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Books > Biographies & Memoirs > Historical > United States > 0820312290
  1. Lee's Tarnished Lieutenant: James Longstreet and His Place in Southern History (Brown Thrasher Books Ser.)
    Lee's Tarnished Lieutenant: James Longstreet and His Place in Southern History (Brown Thrasher Books Ser.)
    Lee's Tarnished Lieutenant: James Longstreet and His Place in Southern History (Brown Thrasher Books Ser.)
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  2. Lee's Tarnished Lieutenant: James Longstreet and His Place in Southern History (Brown Thrasher Books Ser.)

    Delivery: 10-20 Working Days
    Customer Ratings (23 reviews)
    Price R353.00

Additional Information

In the South, one can find any number of bronze monuments to the Confederacy featuring heroic images of Robert E. Lee, Stonewall Jackson, J. E. B. Stuart, and many lesser commanders. But while the tarnish on such statues has done nothing to color the reputation of those great leaders, there remains one Confederate commander whose tarnished image has nothing to do with bronze monuments. Nowhere in the South does a memorial stand to Lee's intimate friend and second-in-command James Longstreet.

In Lee's Tarnished Lieutenant, William Garrett Piston examines the life of James Longstreet and explains how a man so revered during the course of the war could fall from grace so swiftly and completely. Unlike other generals in gray whose deeds are familiar to southerners and northerners alike, Longstreet has the image not of a hero but of an incompetent who lost the Battle of Gettysburg and, by extension, the war itself. Piston's reappraisal of the general's military record establishes Longstreet as an energetic corps commander with an unsurpassed ability to direct troops in combat, as a trustworthy subordinate willing to place the war effort above personal ambition. He made mistakes, but Piston shows that he did not commit the grave errors at Gettysburg and elsewhere of which he was so often accused after the war.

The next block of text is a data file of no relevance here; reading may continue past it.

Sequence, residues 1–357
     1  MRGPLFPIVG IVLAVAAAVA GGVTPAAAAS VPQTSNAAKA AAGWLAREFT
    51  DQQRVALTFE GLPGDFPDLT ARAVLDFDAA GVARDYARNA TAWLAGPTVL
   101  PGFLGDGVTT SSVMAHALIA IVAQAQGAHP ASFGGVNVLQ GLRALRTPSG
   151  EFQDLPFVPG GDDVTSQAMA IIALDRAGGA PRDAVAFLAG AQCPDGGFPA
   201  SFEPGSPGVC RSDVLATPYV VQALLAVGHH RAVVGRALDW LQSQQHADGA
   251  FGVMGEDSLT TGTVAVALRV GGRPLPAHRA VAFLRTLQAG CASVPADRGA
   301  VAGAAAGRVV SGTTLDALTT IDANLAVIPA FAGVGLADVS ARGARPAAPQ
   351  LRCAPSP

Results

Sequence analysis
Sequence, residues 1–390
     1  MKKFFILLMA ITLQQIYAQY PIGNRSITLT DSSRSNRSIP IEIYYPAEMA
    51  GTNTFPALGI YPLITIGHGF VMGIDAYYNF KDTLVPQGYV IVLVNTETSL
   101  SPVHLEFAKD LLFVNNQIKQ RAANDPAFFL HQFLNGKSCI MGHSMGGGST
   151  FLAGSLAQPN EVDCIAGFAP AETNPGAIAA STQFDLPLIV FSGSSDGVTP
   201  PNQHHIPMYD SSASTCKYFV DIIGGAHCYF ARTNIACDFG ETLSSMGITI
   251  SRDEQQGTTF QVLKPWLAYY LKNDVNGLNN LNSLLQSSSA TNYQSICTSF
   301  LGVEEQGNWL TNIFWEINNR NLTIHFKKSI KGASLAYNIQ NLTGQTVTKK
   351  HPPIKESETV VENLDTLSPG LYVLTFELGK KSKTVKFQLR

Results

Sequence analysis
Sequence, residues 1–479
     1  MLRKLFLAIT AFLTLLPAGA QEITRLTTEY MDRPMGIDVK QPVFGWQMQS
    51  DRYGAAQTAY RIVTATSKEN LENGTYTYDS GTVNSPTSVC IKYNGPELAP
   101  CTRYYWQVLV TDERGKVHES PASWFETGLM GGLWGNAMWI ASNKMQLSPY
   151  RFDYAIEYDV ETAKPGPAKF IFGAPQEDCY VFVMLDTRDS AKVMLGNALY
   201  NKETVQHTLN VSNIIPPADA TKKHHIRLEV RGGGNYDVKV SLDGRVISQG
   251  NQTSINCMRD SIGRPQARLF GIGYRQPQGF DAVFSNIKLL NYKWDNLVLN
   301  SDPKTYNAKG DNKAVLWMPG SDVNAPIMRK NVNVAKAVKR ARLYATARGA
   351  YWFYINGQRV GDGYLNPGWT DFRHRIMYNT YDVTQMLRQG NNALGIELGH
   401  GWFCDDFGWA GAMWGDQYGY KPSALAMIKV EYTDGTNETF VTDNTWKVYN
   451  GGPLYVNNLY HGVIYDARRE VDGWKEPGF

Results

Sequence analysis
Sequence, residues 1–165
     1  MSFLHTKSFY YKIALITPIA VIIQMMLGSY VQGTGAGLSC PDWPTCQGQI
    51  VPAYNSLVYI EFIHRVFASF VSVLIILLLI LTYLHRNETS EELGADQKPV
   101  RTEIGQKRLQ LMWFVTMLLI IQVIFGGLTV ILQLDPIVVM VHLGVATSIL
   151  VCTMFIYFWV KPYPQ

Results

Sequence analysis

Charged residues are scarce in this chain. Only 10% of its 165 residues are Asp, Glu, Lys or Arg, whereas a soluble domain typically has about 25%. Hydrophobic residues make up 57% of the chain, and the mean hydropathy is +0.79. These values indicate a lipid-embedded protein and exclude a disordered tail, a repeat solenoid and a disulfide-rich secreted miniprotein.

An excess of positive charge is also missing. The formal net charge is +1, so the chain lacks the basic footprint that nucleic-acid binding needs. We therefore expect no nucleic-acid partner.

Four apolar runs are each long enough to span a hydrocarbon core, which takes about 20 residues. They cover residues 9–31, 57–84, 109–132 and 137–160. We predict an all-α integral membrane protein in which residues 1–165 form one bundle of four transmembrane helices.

In discussing Longstreet's postwar fate, Piston analyzes the literature and public events of the time to show how the southern people, in reaction to defeat, evolved an image of themselves which bore little resemblance to reality. As a product of the Georgia backwoods, Longstreet failed to meet the popular cavalier image embodied by Lee, Stuart, and other Confederate heroes. When he joined the Republican party during Reconstruction, Longstreet forfeited his wartime reputation and quickly became a convenient target for those anxious to explain how a "superior people" could have lost the war. His new role as the villain of the Lost Cause was solidified by his own postwar writings. Embittered by years of social ostracism resulting from his Republican affiliation, resentful of the orchestrated deification of Lee and Stonewall Jackson, Longstreet exaggerated his own accomplishments and displayed a vanity that further alienated an already offended southern populace.